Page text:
Therapeutic Uses Of Clay
A First Aid Intervention
The therapeutic uses of clay for first aid intervention and the treatment of external wounds in conjunction with hydrotherapy can yield significant healing results.
Its extensive applications as an alternative and complementary treatment for numerous health conditions and virtues as a nutritional supplement and detoxifying agent, sought out by numerous parrot species in the wild. Numerous publications and weblinks such as the ones listed below have thoroughly redeemed its role, scientifically unveiling its mythical powers as an essential and indispensable natural remedy.
The use of green clay applied in poultices and compresses, provides numerous benefits. It can heal wounds, bumble foot sores, wing tips injured by night frights, burns, cloacal papillomas, mouth sores & chronic skin irritations for avian species. Wound management has evolved in avian care over the past years. The therapeutic value and healing success of wounds managed with bandage dressing changed weekly, harsh and painful removal of dead skin surrounding a wound with scrubbing or irritating agents etc. should be questioned when alternative therapies could be most beneficial to your pet.
Therapeutic clay aids in the rebuilding of healthy tissues and cells. Besides its colloidal properties it acts as a cleansing agent eliminating all noxious substances. The same sedating, relaxing, absorbing and healing action is seen in treatment of the inflammation whereby powdered green clay or white clay (kaolin) is added to the drinking water, following the same recommendations as for human consumption 2 tbsp per 250 ml of spring water.
Hydrotherapy and Clay
The application of the clay poultice onto the wound can often go without dressing when there is no picking or mutilation from the bird. This allows frequent hydrotherapy sessions and application of new poultices. This non-invasive treatment limits stress onto the bird as the clay can be applied quickly, without prolonged restraint. For numerous companion birds the application of clay following hydrotherapy can be easily achieved without restraint of any kind. The soothing nature of both the water therapy and the clay is quickly acknowledged by birds appearance as a recognition of relief. Should your birds curiosities lead it to nibble at the clay remember that Green clay is non-toxic and quite therapeutic when ingested. If you suspect it might pick at the wound, then take extra precaution and bandage the site.
Water is so pure and simple, yet it can do the most amazing therapeutic action. The warmth of the flowing water helps to increase flexibility and mobility of muscles, tendons, ligaments that surround the joints as well as enhance circulation. It has been documented that hydrotherapy can reduce bacterial contamination of chronic ulcers, yet it is recommended to insure the use of a clean water supply to prevent a water borne infection.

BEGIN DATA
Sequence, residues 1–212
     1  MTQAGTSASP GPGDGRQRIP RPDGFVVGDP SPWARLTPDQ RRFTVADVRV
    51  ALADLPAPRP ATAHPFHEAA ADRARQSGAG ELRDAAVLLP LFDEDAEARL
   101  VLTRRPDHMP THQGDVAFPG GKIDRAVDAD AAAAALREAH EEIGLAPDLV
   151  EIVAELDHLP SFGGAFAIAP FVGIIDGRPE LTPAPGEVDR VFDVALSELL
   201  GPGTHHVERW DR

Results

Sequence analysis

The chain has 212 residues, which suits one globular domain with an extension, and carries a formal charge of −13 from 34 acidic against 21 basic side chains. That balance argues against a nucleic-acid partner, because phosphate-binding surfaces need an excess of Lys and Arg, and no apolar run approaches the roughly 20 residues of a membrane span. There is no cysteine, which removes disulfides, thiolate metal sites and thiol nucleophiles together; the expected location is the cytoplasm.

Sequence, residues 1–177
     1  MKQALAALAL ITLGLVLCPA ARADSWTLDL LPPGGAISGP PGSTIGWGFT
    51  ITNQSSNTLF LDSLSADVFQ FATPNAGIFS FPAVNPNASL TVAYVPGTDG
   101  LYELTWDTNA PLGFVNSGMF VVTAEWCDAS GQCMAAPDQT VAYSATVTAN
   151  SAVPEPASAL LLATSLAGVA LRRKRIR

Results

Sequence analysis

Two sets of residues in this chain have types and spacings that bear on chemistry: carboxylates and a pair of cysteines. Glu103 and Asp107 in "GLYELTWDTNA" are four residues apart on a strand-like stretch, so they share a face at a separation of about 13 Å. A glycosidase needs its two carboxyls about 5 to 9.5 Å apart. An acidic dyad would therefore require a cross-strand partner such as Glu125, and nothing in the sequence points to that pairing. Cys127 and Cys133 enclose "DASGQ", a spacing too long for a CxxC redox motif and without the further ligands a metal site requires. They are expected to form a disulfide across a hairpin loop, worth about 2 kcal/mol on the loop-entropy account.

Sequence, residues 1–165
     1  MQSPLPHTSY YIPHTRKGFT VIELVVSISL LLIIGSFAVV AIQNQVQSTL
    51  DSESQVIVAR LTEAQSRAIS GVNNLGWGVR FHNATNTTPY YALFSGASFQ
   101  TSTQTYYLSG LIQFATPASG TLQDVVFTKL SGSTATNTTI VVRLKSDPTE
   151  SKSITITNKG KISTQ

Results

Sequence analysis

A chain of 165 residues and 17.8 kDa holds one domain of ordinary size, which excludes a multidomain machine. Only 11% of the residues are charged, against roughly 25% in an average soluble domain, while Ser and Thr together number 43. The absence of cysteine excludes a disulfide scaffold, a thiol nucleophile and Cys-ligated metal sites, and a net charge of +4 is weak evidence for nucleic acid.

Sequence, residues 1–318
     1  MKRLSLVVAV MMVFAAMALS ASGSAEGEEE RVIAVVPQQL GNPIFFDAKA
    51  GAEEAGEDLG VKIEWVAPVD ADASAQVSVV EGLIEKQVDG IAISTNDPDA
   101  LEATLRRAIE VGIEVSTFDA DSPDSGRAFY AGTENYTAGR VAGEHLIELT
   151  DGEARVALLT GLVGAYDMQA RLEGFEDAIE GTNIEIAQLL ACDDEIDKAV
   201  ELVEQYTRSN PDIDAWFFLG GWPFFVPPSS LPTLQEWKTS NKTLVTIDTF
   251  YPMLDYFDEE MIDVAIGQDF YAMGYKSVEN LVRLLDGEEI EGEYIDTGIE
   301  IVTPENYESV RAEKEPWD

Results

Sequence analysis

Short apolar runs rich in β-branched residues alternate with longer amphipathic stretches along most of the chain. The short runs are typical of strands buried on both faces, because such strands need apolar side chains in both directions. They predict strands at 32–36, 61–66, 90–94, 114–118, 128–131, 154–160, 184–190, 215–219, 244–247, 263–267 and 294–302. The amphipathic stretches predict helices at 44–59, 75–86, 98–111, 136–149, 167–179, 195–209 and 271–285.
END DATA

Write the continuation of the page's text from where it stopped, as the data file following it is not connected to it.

An additional step that can also be quite beneficial is to flush the wound with tincture of calendula (10 drops of mother tincture per l00ml of boiled water) following the hydrotherapy, prior to the application of the clay. Hydrotherapy can be extremely therapeutic and soothing to your bird, although once again the benefits of having trained your bird to being accustomed to being held in a towel will facilitate this treatment. Unless however the hydrotherapy can be applied to the wound while the bird is perched on a shower perch, which is by far less invasive, provided once again that your bird is comfortable with showering.
Geophagy or Earth-eating
“Many species of mammals, birds, reptiles, and even insects, in all parts of the world, eat dirt. Known as geophagy (earth-eating) this habit has long been assumed to be an attempt to rectify mineral deficiencies in their diet. However new evidence suggests that this cannot always be the case. It has become apparent that the clay content is often the most important ingredient of selected soils. Clay is an effective binding agent as its chemical structure allows other chemicals to bond with it and so lose their reactivity. Clay is therefore an effective deactivator of toxins from diet or pathogens. Clay is the primary ingredient of kaolin and kaopectate that we use when suffering from gastrointestinal malaise.” The Healing Power of Hydro-Thermally Produced Living Clay. Dextreit, Raymond; “Our Earth, Our Cure;” © 1974 by swan House Publishing Co.; ISBN 0- 013010-07-3
Additional reading: The Clay Licks of Tambopata and Beyond – The whos, whats, and whys of geophagy – Donald Brightsmith, Ph.D. 2002
This first aid avian chronicle is not intended as a substitute for the advice and treatment of a licensed avian veterinarian. The author nor HARI assumes any responsibility.
Note: It is strongly recommended to consult with your avian veterinarian following any first aid intervention regardless of what may appear to be healing or less traumatic. A professional medical evaluation is recommended to determine the nature and severity of the wound, fractures or secondary bacterial or fungal infections.
Photos and text by Josee Bermingham, AHT